Lullaby Winter is part of the cabinet collection, along with Damien Hirst's most expensive work of art Lullaby Spring. Hirst created the piece in 2002, and it features hand-crafted, brightly colored pills displayed on clear shelves in shiny steel cases. The number of pills featured in the installation depicts the average number of pills humans consume during their lives. Hirst used concepts such as life, death, and the human condition as inspirations for his work. Like all of Hirst's work, the piece raises many questions. In this case, it makes people question mortality and inspires them to look at how medicines have become an important part of life. Christie's describes the piece as a monumental altar to medicine and explains how the concept of better living through medicine influences Hirst's work. Lullaby Winter sold at an auction in Sotheby's New York for an eye-watering $6.6 million. The sale price significantly exceeded the estimated price of between $2.5 million and $3.5 million.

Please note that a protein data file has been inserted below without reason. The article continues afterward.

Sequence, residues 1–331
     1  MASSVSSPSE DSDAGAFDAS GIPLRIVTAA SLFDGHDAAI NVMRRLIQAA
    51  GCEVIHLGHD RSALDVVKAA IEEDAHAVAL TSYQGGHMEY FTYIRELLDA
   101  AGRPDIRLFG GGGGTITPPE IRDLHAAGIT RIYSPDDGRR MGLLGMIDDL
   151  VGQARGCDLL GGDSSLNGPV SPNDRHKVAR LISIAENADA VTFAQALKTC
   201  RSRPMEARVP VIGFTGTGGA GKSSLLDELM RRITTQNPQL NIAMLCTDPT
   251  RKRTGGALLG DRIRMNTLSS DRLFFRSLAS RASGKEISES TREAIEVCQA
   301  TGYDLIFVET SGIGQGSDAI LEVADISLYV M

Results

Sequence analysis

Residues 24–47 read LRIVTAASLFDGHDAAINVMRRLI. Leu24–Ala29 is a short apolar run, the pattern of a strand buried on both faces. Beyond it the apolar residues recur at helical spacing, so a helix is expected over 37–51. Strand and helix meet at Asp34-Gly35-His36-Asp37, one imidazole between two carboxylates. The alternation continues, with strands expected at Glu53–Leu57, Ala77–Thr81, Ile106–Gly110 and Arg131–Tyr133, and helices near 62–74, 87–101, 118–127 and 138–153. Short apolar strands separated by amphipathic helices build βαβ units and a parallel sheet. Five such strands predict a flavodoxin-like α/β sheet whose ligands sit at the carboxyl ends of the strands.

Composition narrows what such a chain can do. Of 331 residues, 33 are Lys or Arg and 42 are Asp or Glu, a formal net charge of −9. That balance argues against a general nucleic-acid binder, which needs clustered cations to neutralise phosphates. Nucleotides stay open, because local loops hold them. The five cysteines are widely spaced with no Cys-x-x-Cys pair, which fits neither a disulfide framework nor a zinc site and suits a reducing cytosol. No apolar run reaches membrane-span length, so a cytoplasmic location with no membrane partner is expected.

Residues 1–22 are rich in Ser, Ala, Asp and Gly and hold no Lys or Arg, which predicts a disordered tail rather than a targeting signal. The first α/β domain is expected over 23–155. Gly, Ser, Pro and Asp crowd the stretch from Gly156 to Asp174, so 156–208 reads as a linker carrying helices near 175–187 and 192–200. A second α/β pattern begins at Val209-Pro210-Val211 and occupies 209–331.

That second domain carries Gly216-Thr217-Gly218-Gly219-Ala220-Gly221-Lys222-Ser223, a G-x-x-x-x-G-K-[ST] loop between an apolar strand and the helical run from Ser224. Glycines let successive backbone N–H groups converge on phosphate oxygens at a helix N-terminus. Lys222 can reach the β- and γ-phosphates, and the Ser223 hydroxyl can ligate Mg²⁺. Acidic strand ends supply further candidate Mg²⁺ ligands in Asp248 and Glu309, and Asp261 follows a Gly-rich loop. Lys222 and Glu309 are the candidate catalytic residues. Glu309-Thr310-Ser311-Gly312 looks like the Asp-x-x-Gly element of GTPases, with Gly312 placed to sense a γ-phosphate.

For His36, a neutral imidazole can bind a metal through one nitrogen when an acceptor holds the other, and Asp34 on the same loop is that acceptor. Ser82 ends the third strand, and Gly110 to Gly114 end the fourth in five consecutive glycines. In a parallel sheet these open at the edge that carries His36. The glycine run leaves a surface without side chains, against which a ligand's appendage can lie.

3. The Kingdom - $15.3 Million

Some of Damien Hirst's works are more famous than others, and The Richest says that one of the artist's most famous works is The Kingdom. It is a sculpture featuring a tiger shark set inside a clear glass cabinet. Hirst created the piece in 2008. It was sold in the same year at a Sotheby's auction for a whopping $15.3 million, and the high selling price attracted a huge amount of media attention. In reaction to the media interest, Hirst is quoted as saying that you cannot contain art with money and that people should appreciate the effort it takes an artist to make a piece. The Kingdom was not the first of Hirst's work to feature a tiger shark. In 1991, the English artist created a piece called The Physical Impossibility of Death in the Mind of Someone Living. Charles Saatchi commissioned the piece, and it featured a tiger shark preserved in formaldehyde within a glass case. When the shark began to deteriorate, which Hirst blamed on Saatchi's gallery adding bleach to the formaldehyde, the shark was skinned, and the skin covered a body replacement made of fiberglass. When the piece was sold to Steven A. Cohen, Hirst replaced the shark with a real tiger shark, and Cohen covered the cost of the procedure.